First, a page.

Follow Up By: Lyn W3 - Thursday, Jul 25, 2013 at 12:04

Thursday, Jul 25, 2013 at 12:04
Bantam,

"There is a 70mm 4.5 tonne rated tow ball and coupling available in this country BUT neither are ADR approved and thus illegal for use on the road."

That statement is a load of BS, we just had a 4.5T equipment trailer delivered with a 4.5t 70mm ball and coupling all fully ADR compliant and registered complete with stamped CRN numbers.



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FollowupID: 794604

Follow Up By: garrycol - Thursday, Jul 25, 2013 at 13:25

Thursday, Jul 25, 2013 at 13:25
Well it is not BS and is a bit harsh - maybe not correct but not BS. BS implies deliberate misleading information where I am sure Bantam posted up in good faith.

Most larger jap style forward control small trucks that are used by used by service utilities like Telstra and power companies use a combined ball/pintle hook to tow and the balls used on these are the 70mm version and are all legal.

But doesn't seem relevant to to overall discussion - given the OP has only just got the vehicle and the tow package as part of the purchase this would indicate to me the ball would have been an approved 3500kg tow ball (other than Ebay or overseas can you buy a non rated tow ball in Aust??).

The fact it has failed is a major concern as high lighted in the thread.

Garry
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FollowupID: 794605

Follow Up By: The Bantam - Thursday, Jul 25, 2013 at 21:31

Thursday, Jul 25, 2013 at 21:31
There may be any number of non-standard couplings like the Trigg off road coupling that are individually complinaced as a matched pair.

To be compliant the coupling must be used with the hitch specificaly designed for it.

BUT the only generic ball coupling (a coupling that is interchangable between brands) mentioned in the ADRs is the 50mm ball, with a limitation of 3.5 tonnes.

Yes there are combined pintle hook and ball couplings out there.
The only ones I have seen that are expressly ADR approved use a 50mm ball.
These are common on telstra, council and power utility company vehicles.
Because they allow the vehicle to tow trailers fitted with both the generic 50mm coupling and the generic 75mm pintle ring.

Interesting that when used as a pintle hook they are rated at 6 tonnes, but when used as a 50mm ball they are only rated at 3.5 tonnes.
The ball functions as the hook when functioning as a pintle.

Like may things too......the mentioned 70mm ball may be rated at 4.5 tonnes......buy I'd want to see the approval paperwork for both the ball and the coupling before I towed it on the road.



cheers
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FollowupID: 794634

Follow Up By: Lyn W3 - Thursday, Jul 25, 2013 at 23:30

Thursday, Jul 25, 2013 at 23:30
Here you go Bantam:

ADR Approved 4.5T coupling

ADR approved 70mm balls also available there.
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FollowupID: 794637

Follow Up By: The Bantam - Friday, Jul 26, 2013 at 09:09

Friday, Jul 26, 2013 at 09:09
As I said.

quote
4.5 tonne Electric Coupling to suit 70mm Tow Ball.

Park Brake included. ADR Approved. CRN 45126

If your 4.5t electric coupling has no CRN (Commonwealth Registration Number) then it can only be used for agricultural purposes. There is no legal approval for a tow ball over 3.5t to be used on the road without a CRN.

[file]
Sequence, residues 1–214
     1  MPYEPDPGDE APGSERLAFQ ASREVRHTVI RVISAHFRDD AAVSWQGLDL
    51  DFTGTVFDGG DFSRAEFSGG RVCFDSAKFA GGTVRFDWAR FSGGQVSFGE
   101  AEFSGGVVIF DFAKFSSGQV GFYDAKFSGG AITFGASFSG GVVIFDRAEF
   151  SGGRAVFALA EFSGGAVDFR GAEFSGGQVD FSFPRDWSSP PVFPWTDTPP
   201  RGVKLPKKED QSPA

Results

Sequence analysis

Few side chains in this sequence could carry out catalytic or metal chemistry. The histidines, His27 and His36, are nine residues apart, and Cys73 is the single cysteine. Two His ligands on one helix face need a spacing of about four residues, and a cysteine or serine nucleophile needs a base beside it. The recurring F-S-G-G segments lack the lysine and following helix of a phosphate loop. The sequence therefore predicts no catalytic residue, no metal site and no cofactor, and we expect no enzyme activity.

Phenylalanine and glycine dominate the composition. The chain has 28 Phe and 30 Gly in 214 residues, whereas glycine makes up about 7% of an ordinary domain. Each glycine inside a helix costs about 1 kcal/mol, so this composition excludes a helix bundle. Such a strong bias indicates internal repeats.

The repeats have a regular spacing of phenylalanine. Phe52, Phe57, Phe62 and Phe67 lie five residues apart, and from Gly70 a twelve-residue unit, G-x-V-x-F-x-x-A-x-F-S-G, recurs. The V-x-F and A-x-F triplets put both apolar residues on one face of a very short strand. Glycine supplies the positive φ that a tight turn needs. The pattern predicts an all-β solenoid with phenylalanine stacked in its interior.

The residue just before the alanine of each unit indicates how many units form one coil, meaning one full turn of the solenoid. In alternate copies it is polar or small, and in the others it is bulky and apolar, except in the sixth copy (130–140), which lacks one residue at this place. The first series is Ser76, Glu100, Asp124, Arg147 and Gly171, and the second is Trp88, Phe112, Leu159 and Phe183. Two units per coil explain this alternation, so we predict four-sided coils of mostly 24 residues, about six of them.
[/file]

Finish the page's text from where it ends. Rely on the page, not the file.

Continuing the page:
If the CRN cannot be found on your Invoice or ask your supplier for it. If he cannot give it to you, ask for a credit on the one you have purchased.

4500kg x 70mm Tow Ball - 1 1/4 inch shank not included.

CM235 4.5t Coupling Installation Instructions.

Install coupling over tow ball and adjust side nut until tight then back off 1/2 turn.

Use 4 x 5/8" Grade 12 bolts of suitable length + Washers + Nylocks.

Max Torque 100 ft/lbs




Also note the comments that come at the head of the page linked.





Australia Standards have their origins in Germany and are tied to the EU standard that are quite rigorous.

SAE is the Standard American Equivalent and is less rigorous than the Australian Design Rules.

Pintle Hooks rated over 3.5t when used on the road must comply with the Australian Design Rules and be ADR Approved.

Pintle Hooks when use on the farm and NOT on the road or highway can be SAE or NO standard. These Pintle hooks are usually cheaper.

SAE Pintle Hooks are illegal for Use on Australia roads and Highways.

Generally, when buying Pintle Hooks or any towing towing equipment over 3.5t ask for the CRN number or the test report number. © Steve Wotherspoon




also note that on th linked page there are several examples of 50mm ball/ pintle hook combinations.





To put it bluntly....if you are towng anything over 3.5 tonnes you should be doing so with a truck and realy you should be coupling with either a pintle hook or a turntable.

There are several couplings that while individually approved are non standard and are in general used to push the limits of the regulations.

Remember as soon as you go over 4.5 tonnes you are in the relms of heavy transport and building a trailer becomes very much more strictly regulated.

cheers
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FollowupID: 794648

Follow Up By: garrycol - Friday, Jul 26, 2013 at 14:01

Friday, Jul 26, 2013 at 14:01
So if you have a 70mm tow ball that is CRN = 45125 approved it is ADR approved and these are available at on the above mentioned site.

So ADR approved 70mm 4500kg balls and other towing equipment is available.
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FollowupID: 794670

Follow Up By: Rockape - Friday, Jul 26, 2013 at 17:17

Friday, Jul 26, 2013 at 17:17
garrycol,
instead of a book written about the world and any other big place.

YES. Lol. I think someone should be in politics.
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FollowupID: 794678